Wednesday, October 31, 2018

DoD Cancels Acquisition Streamlining Contract Clause

Back in February 2017, a Presidential Executive Order (EO 13777) established a Federal policy to alleviate unnecessary regulatory burden on the American people. In response to that EO, the Defense Department established a Regulatory Reform Task Force to review and validate DoD regulations, including DFARS (DoD FAR Supplement). DoD established a subgroup within the DoD Regulatory Reform Task Force to specifically review DFARS provisions and clauses.

It is difficult to make regulatory changes even when everyone knows and realizes that a particular regulation is redundant or of dubious value. This is especially true when regulations are implementing a statutory requirement. The statute must be changed first and that involves Congress and the President.

So far, the DoD Regulatory Reform Task Force has been concentrating on DFARS provisions that are redundant or closely approximate requirements stated elsewhere. This is the case published this week where DoD is removing DFARS Clause 252.211-7000, Acquisition Streamlining. Now why would DoD want to remove a clause that promotes "acquisition streamlining"? Isn't acquisition streamlining a good thing? A noble goal?

Perhaps. But in this case, the contract clause places the burden on contractors. DFARS 252.211-7000, Acquisition Streamlining (now deleted) requires contractors to prepare acquisition streamlining recommendations in accordance with the performance work statement and submit them to the Government. This particular clause was added to implement a requirement of a DoD Directive (DoDD 5000.43) that has since been cancelled. Moreover, FAR (Federal Acquisition Regulations) 7.1, Acquisition Plans, already includes similar provision involving industry engagement as considerations to be made when preparing written acquisition plans. Since the implementing DoD Directive and FAR 7.1 addresses acquisition streamlining, DoD considered its version of the clause unnecessary and therefore cancelled it.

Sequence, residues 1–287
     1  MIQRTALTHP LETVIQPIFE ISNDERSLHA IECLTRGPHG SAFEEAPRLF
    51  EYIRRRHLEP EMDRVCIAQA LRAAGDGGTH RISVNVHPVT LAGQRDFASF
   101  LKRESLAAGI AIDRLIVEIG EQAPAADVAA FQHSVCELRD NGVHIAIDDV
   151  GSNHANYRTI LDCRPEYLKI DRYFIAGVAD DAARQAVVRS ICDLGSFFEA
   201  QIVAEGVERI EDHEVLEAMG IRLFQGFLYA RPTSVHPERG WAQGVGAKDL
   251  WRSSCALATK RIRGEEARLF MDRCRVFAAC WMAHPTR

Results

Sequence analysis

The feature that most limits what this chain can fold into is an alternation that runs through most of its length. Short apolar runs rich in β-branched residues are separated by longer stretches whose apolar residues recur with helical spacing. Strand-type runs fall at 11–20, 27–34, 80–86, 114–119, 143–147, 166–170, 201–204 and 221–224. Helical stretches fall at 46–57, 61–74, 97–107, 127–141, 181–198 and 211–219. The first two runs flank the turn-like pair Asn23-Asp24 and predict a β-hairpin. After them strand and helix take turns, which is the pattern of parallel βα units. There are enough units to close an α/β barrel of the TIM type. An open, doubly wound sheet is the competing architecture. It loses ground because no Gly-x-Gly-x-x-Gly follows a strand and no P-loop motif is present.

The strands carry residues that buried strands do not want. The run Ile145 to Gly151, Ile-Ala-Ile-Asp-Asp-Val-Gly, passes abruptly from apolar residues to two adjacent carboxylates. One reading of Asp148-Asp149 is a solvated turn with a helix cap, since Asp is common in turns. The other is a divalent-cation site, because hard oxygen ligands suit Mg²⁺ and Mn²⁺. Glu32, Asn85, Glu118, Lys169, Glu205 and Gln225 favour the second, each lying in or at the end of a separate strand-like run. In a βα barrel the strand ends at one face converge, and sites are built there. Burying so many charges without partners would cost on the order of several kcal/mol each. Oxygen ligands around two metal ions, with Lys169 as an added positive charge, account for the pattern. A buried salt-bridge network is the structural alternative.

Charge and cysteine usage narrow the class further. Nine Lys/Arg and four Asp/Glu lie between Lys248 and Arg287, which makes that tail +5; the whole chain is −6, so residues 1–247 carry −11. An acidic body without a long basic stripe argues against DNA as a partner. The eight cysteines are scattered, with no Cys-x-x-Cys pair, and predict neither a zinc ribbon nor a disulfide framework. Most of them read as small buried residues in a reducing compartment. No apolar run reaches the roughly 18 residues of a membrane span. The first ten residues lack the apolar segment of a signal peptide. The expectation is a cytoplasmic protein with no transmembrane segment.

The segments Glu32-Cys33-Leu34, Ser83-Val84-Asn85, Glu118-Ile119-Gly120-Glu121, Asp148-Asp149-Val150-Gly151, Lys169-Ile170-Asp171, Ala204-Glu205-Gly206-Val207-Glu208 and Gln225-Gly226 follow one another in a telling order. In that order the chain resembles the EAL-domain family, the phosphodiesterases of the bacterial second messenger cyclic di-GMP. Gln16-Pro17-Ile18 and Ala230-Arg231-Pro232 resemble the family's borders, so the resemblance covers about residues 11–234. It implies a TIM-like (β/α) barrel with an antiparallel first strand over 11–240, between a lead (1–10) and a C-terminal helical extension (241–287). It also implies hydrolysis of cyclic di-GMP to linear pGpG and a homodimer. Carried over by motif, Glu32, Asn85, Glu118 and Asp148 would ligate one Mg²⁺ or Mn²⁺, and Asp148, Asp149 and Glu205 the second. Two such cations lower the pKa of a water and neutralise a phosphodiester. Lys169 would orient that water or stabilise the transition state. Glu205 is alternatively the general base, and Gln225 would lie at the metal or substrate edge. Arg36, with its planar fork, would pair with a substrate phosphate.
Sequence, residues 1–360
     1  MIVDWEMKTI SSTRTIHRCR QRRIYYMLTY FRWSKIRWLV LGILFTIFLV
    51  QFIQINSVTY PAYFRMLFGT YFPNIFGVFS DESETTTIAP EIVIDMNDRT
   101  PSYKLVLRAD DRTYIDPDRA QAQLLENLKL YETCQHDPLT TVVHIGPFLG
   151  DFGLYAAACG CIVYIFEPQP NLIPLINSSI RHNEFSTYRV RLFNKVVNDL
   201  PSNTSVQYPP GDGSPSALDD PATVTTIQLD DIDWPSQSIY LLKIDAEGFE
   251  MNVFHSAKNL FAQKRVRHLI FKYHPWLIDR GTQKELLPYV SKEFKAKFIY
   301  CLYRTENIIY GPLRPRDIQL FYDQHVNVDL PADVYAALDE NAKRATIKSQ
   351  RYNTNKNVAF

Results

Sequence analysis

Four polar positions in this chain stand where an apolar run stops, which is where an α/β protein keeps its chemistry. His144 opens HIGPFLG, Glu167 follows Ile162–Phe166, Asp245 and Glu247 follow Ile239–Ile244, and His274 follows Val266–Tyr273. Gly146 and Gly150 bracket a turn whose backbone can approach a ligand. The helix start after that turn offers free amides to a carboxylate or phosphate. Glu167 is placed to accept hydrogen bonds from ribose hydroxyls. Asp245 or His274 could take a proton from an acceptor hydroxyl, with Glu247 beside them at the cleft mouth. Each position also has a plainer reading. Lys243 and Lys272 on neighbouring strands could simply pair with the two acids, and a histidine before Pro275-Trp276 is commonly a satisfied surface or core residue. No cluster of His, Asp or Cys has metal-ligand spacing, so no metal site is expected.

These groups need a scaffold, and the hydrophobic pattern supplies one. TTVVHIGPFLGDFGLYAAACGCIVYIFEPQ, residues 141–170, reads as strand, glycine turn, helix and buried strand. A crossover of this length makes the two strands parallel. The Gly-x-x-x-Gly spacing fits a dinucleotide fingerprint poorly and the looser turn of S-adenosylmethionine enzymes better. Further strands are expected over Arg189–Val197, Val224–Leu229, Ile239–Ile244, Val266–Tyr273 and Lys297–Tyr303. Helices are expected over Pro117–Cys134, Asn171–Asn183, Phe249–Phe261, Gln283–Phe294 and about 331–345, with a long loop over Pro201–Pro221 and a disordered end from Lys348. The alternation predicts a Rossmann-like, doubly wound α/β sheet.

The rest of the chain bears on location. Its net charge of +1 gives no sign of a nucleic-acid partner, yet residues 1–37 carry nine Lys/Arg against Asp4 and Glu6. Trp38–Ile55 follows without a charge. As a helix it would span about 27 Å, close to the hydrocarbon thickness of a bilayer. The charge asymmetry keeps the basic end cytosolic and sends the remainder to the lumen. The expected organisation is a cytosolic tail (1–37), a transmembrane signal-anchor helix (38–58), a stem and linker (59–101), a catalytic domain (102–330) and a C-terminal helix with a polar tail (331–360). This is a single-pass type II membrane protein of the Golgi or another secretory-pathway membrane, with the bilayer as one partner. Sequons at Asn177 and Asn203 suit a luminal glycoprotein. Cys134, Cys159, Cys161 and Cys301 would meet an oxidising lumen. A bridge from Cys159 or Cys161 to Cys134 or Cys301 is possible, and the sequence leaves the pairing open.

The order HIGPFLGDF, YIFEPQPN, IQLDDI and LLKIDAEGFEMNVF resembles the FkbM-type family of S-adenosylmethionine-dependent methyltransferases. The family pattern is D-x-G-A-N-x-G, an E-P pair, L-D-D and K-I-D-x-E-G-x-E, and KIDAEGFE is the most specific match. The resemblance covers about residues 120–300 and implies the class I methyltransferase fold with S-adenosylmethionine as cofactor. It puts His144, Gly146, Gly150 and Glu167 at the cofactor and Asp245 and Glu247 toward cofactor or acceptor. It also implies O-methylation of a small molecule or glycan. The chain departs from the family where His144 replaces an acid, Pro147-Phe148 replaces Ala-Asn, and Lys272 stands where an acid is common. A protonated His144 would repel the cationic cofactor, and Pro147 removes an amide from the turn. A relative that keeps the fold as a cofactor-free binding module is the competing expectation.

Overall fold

In cancelling the requirement, DoD announced that it will continue to encourage industry participation during the design and development of contract requirements and through other methods.

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